18 May 2014

A walk on the beach in a rainstorm
and ice cream in ‘Storm in a Teacup’

The grey waves breaking and rolling in relentlessly onto the grey sands beneath a grey sky in Bettystown, Co Meath, this afternoon (Photograph: Patrick Comerford, 2014)

Patrick Comerford

The promise of summer that came with the sunshine on Friday and Saturday dissipated today as a rainstorm moved across Ireland today, and the clouds emptied along the coast this afternoon.

Some people may think that what we have experienced today is typical Irish summer weather. Others may wag their fingers at me and tell me I should be happy I’m not living in Serbia or Bosnia suffering through the storms and floods that have been rained down on the Balkans in recent days.

But who said I’m complaining?

After a long working weekend, two of us headed off in the rain early this afternoon for a walk on the beach in Bettystown before lunch in Relish.

The Irish Sea was choppy, the tide was in fully, and the waves were rolling in relentlessly as the rains continued to pour down.

Well, at least the rain, the tides and the waves stopped cars from driving down onto the beach, which is one of my constant complaints about how the threats to this beautiful beach are being ignored by Meath County Council.

Co Meath has one of the shortest coastlines for any coastal county in Ireland, yet the vast, lengthy, expansive beach often appears neglected and abandoned by officialdom in the way cars are allowed to use it as a racetrack and one long car park, and pollution often goes unchecked.

But who said I’m complaining?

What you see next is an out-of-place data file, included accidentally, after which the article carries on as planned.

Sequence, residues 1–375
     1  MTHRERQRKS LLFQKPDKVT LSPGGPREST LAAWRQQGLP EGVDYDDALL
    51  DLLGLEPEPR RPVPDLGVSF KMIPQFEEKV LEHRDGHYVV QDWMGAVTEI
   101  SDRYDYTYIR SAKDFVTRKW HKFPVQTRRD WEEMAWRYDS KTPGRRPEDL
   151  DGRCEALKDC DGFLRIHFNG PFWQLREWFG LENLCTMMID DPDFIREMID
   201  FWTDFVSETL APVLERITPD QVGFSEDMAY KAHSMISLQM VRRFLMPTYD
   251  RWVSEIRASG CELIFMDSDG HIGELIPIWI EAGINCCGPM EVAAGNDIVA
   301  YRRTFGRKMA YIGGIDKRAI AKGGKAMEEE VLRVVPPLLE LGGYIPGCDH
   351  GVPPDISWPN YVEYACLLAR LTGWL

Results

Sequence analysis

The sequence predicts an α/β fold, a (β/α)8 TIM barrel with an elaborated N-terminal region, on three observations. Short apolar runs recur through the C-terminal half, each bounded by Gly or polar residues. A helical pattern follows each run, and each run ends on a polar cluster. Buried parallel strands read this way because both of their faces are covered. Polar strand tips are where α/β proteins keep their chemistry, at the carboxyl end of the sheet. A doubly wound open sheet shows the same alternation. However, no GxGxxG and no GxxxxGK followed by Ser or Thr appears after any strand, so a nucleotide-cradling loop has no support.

A second walk on the beach in the rain in Bettystown, Co Meath, this afternoon (Photograph: Patrick Comerford, 2014)

We still had a walk in the rain on what is still a beautiful expanse of beach, and watched in wonder at the capacity of the breaking waves as they rolled in, and rolled in, and rolled in.

The skies were grey, the waters were grey, and the sands were grey ... except for the odd piece of colour on a sinking speed sign that seemed to be located inappropriately, it might have been a scene from a 1940s black-and-white movie.

Later, from the sheltered luxury of Relish, perched on top of the sandbanks looking out onto the waves and Irish Sea, we had lunch as we continued to enjoy the scenes on the sands below.

Later, we stopped again at Laytown, before heading back through Julianstown, Gormanston and Balbriggan to Skerries.

But who said I’m complaining?

Looking out at the storm at Skerries Harbour from ‘Storm in a Teacup’ this afternoon (Photograph: Patrick Comerford, 2014)

Despite the rains and the grey clouds and sea, the harbour-side bars and restaurants were busy. We stopped at the slipway beside the lifeboat station, where ‘Storm in a Teacup’ was still busy in the late afternoon despite the storm that seemed to have hit the length of the east coast.

There we had two ice creams. Dressed and drizzled with espresso, cinnamon and chocolate.

The 1937 movie Storm in a Teacup, starring Vivien Leigh and Rex Harrison, was a minor British classic involving an Irish dog in a small town in Scotland. It is often regarded as the first genuine British comedy of the sound era.

It was once a popular Christmas-time movie in the early days of BBC television (in black and white). Looking out in Skerries on the grey skies and grey waters that were stretching all along the east coast this afternoon, I wondered when the storms would pass and when we would return to the days of summer with all the colours the sunshine brings.

And after today’s deluge, I wondered with humour whether I ought to have talked about the new movie Noah when I was speaking about Spirituality and Cinema on the morning of Palm Sunday during on the residential weekend last month [13 April 2014].

The promise of a summer smile … two ice creams, drizzled with espresso, cinnamon and chocolate, in the car in the rain in Skerries this afternoon (Photograph: Patrick Comerford, 2014)

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